paper trail

Mary Ruefle chosen as Vermont's poet laureate; Crystal Hana Kim on translation

Crystal Hana Kim. Photo: Nina Subin

At Guernica, Crystal Hana Kim reflects on translating her grandmother’s poetry from Korean into English and how the work changed her relationship with her family. “The more I tried to translate the poems, the more intimidated I became. I wanted to be exact and precise, but inherent in translation is interpretation, the translator’s own agency,” she writes. “There will always be much lost in the gaps, where one tongue does not transfer cleanly to another, but that loss can be valuable; it can help us work harder to understand one another.”

Mary Ruefle has been named poet laureate of Vermont.

Nieman Lab analyzes the impact that impeachment proceedings against Trump might have on the US news landscape. Reporting on Trump’s possible impeachment “will likely feel increasingly personal, passionate, and irritating to people,” particularly if readers are getting their news from social media, which intensifies emotional reactions. “Because an emotionally polarized public opinion might discourage citizens from different forms of civic engagement, to us, an angry and overwhelmed citizenry does not seem a good recipe for a healthy democracy,” they conclude.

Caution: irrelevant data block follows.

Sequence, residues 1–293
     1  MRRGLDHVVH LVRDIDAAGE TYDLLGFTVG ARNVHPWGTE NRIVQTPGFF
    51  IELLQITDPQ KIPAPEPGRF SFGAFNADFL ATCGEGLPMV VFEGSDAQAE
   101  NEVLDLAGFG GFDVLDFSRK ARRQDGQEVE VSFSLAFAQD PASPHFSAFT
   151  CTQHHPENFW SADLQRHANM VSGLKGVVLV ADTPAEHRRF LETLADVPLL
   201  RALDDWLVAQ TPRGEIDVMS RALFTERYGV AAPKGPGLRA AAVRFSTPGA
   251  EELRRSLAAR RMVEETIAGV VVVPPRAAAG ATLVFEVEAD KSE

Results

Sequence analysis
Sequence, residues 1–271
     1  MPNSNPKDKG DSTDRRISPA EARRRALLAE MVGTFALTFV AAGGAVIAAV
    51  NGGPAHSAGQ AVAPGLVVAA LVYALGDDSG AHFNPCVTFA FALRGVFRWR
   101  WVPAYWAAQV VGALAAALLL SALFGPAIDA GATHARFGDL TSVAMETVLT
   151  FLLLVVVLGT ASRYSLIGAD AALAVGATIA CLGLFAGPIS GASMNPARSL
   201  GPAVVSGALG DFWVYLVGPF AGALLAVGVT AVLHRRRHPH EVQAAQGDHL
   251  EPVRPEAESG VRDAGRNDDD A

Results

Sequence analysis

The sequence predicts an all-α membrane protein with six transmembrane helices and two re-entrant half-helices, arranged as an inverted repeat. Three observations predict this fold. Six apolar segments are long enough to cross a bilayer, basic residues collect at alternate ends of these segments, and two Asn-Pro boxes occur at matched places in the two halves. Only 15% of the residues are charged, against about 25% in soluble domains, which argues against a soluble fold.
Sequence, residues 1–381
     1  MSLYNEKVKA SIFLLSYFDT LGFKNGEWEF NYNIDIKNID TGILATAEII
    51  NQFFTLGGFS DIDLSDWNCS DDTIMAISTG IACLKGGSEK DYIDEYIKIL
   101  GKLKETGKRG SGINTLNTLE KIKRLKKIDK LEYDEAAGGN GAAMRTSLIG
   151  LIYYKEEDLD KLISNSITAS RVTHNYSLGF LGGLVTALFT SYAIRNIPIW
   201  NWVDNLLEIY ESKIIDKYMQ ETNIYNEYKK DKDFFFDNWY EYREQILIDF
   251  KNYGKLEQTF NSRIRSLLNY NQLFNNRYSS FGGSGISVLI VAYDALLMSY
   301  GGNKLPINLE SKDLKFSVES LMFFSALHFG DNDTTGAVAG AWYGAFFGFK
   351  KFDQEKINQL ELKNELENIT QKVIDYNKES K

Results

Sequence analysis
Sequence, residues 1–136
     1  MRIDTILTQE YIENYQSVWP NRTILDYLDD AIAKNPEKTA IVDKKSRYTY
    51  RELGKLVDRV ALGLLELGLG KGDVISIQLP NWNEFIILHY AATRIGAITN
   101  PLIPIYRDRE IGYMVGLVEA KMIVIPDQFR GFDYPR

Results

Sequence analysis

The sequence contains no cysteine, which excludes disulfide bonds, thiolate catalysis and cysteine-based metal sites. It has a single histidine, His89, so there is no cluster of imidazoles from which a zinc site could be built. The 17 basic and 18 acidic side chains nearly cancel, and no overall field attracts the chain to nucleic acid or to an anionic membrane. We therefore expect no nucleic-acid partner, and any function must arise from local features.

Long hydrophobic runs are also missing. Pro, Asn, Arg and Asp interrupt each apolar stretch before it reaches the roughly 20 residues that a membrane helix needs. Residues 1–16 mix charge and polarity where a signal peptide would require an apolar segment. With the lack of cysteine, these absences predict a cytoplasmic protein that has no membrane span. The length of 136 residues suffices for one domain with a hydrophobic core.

For n+1, Matthew Zeitlin looks at the changing media coverage of WeWork and former CEO Adam Neumann.

The New York Times reports that at least eight Deadspin writers and editors have left the website after management ordered them to only write about sports. “To watch the way they punched and screamed and clawed on the way out the door is truly inspiring, and as true to the spirit of Deadspin as anything I could have ever imagined,” founding editor Will Leitch said in an email. “They refused to give in to the bad guys. During a time when so many people have made a profession of that very thing, I find it downright heroic.”

The Times’s Jennifer Schuessler looks at Apple TV Plus’s new series based on the life of poet Emily Dickinson. “Forget baking bread and making friends with flowers. This is a Dickinson, played by Hailee Steinfeld, who takes midnight carriage rides with Death (the rapper Wiz Khalifa), and denounces the patriarchy as — to use a genteel paraphrase — bunk,” she writes. “It’s also one who throws raging parties (complete with a hip-hop playlist and twerking), experiments with opium, makes out with her bestie (and future sister-in-law) and gets her period.”